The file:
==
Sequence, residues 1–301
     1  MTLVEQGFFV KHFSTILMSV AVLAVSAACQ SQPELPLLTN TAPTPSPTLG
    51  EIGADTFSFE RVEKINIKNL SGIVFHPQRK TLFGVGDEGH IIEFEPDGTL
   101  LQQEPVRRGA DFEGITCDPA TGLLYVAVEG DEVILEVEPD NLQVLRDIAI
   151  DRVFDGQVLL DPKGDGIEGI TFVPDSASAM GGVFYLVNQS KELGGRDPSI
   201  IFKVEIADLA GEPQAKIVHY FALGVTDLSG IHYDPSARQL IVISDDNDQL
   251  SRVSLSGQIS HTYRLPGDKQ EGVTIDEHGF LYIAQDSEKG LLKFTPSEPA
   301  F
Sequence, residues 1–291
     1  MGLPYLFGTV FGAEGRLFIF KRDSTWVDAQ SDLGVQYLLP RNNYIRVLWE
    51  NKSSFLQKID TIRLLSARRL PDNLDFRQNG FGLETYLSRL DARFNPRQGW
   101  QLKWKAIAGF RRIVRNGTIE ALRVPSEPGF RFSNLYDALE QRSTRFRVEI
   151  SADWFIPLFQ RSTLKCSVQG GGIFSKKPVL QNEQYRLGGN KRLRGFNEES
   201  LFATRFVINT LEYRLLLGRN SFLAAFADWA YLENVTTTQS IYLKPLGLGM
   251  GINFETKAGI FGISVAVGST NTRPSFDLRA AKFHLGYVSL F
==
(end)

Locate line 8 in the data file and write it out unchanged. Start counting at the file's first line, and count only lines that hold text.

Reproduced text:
   301  F